Thursday, October 8, 2009

Infusion Music

I am sitting on my perch in the infusion center, being serenaded by a guy energetically strumming his guitar, playing religious folk music while his wife (?) is being infused. He started out slowly, and quietly, but has now built up into a spiritual frenzy. In listening to a few of his songs I deduced they were religious tunes, but upon returning from my trip down the hall, I saw his hymnal on the little desk we all have in our infusion cubie. He is on my left. On my right is a little guy with his TV blaring. I am not sure which is less annoying.

The infusion center, compared to what I am used to, is actually pretty nice. The center takes one floor of an older converted office building on Chestnut Street which was recently renovated (used to be the Federal Reserve Bank building), so everything is new. It is a large open room surrounded by windows on all sides. It covers the entire floor – but is separated into two parts by the reception area, elevator lobby, check-out counter, and waiting room. I am generally in the more open of the two areas which is usually okay when it comes to noise level, but it can get pretty loud.

Cubes cover the perimeter, with two back-to-back rows of cubes in the center of the floor. On the other side of the floor (beyond the reception area), the cubes along one wall actually have doors, the opposite wall houses lab techs. Unfortunately, I have only been on that side twice and in one of the enclosed spaces. The regular cubes don't have any doors. They are fairly large, with chest high walls on three sides. Each cube has the “comfy” chair for the queen (or king as the case may be), a guest chair and a rolling chair for the attending. There is a little desk top, and each cube has a television. Each cube also comes with a curtain, which you can arrange to block the front opening, it just reduces the size of the cube.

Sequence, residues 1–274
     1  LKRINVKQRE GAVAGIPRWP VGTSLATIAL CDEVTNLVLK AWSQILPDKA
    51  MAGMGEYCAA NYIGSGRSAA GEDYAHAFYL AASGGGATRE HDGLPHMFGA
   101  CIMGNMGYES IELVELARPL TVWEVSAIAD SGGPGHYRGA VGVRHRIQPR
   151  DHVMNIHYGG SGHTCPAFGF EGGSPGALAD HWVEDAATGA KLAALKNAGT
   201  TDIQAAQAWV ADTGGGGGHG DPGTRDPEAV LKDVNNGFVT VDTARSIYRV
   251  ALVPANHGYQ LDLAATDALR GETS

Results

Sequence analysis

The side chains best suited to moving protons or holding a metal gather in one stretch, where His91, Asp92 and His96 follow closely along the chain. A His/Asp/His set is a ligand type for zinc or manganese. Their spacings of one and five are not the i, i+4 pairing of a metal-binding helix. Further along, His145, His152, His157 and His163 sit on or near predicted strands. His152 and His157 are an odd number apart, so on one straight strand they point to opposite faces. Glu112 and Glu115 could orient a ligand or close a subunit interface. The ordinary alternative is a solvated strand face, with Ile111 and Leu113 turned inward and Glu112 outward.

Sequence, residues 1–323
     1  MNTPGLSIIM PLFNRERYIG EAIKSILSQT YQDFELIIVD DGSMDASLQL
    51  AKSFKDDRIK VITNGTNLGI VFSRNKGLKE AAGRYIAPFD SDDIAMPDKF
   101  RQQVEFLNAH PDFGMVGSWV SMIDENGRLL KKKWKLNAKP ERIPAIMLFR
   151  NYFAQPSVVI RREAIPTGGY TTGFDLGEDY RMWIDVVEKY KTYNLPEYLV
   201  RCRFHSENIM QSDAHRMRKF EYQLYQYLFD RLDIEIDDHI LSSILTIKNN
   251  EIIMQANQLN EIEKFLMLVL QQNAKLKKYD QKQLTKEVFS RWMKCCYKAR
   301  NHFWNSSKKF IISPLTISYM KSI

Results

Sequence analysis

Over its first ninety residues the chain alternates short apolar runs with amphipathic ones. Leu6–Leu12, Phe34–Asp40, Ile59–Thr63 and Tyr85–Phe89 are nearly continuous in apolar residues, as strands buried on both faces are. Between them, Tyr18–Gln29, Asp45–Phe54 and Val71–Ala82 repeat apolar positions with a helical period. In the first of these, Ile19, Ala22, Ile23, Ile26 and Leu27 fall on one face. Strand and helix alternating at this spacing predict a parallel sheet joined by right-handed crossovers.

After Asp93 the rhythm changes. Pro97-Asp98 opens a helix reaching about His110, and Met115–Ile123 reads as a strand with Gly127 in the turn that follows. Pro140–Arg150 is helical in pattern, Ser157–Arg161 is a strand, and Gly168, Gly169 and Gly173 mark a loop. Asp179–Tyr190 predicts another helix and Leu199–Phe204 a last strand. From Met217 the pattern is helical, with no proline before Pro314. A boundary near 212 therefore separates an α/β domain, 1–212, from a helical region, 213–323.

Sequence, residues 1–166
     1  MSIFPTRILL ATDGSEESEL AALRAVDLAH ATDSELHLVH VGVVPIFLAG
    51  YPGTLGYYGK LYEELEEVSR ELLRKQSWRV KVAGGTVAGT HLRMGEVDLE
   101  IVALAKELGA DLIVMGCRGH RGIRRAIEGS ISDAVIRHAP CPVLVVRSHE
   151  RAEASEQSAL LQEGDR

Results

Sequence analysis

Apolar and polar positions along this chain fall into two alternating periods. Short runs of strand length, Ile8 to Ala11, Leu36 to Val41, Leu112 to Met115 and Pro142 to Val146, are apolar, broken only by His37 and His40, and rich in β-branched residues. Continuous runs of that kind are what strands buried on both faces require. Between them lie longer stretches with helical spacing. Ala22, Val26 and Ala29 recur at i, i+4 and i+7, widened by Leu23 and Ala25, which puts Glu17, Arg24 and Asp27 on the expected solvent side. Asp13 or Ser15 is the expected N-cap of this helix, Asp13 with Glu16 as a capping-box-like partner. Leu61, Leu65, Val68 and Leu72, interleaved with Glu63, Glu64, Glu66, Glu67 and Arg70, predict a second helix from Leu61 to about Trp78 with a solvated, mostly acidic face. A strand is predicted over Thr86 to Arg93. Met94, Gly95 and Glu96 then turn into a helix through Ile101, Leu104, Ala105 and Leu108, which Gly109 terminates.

I think the televisions are a nice idea, as sitting for five hours or more can be pretty boring – especially considering that most of the population doesn't read – not even a newspaper (although there is one older women who comes here alone and reads 4 newspapers a day). The problem is most people put the darn things on very loud (or so it sounds). How do you say something to someone who is experiencing a similar problem as you and getting similar drugs? I mean, the TV watcher is sitting in there by himself – having arrived around the same time I did. We've been here for 4 hours now, and who knows when we'll be sprung. At least I have my laptop, my iPod, book, newspaper, newspaper puzzles, and my Thierry (who is now getting my lunch). Really, what do I have to complain about!

No, I won't say anything to anyone, I'll just try going with the flow. But if the center ever sends me a survey, I will suggest that they either require headphones or ask people to keep the volume down.

I saw my doctor today. She told me that the cancer marker tests showed another reduction, we're down to 75 from a high of 400! Good news! She also gave me a script for the MRI, Pet and CT scans. (lunch break over, the music started again!). I am anxious! Can't help it.

However, I leave tomorrow for Denver with Lauren, Ann and Barbara (coming from SF) and am planning to have a great time. We are flying into much colder weather and in the middle of the Phillies-Rockies play-off series. Go Phils! Who knows, maybe we'll get to see them win in Denver – wouldn't that be nice - and celebrate at the bar in the hotel with them!!! Thierry leaves tonight for Baltimore, then onto Annapolis for the boat show. I think he'll have a great time, too!

It's been a great day – and going to be a glorious weekend – I'll write again Tuesday, unless of course, something really crazy happens....

1 comment:

Lisa Ruff said...

Someone's irritating, Lord. Kum-by-yah.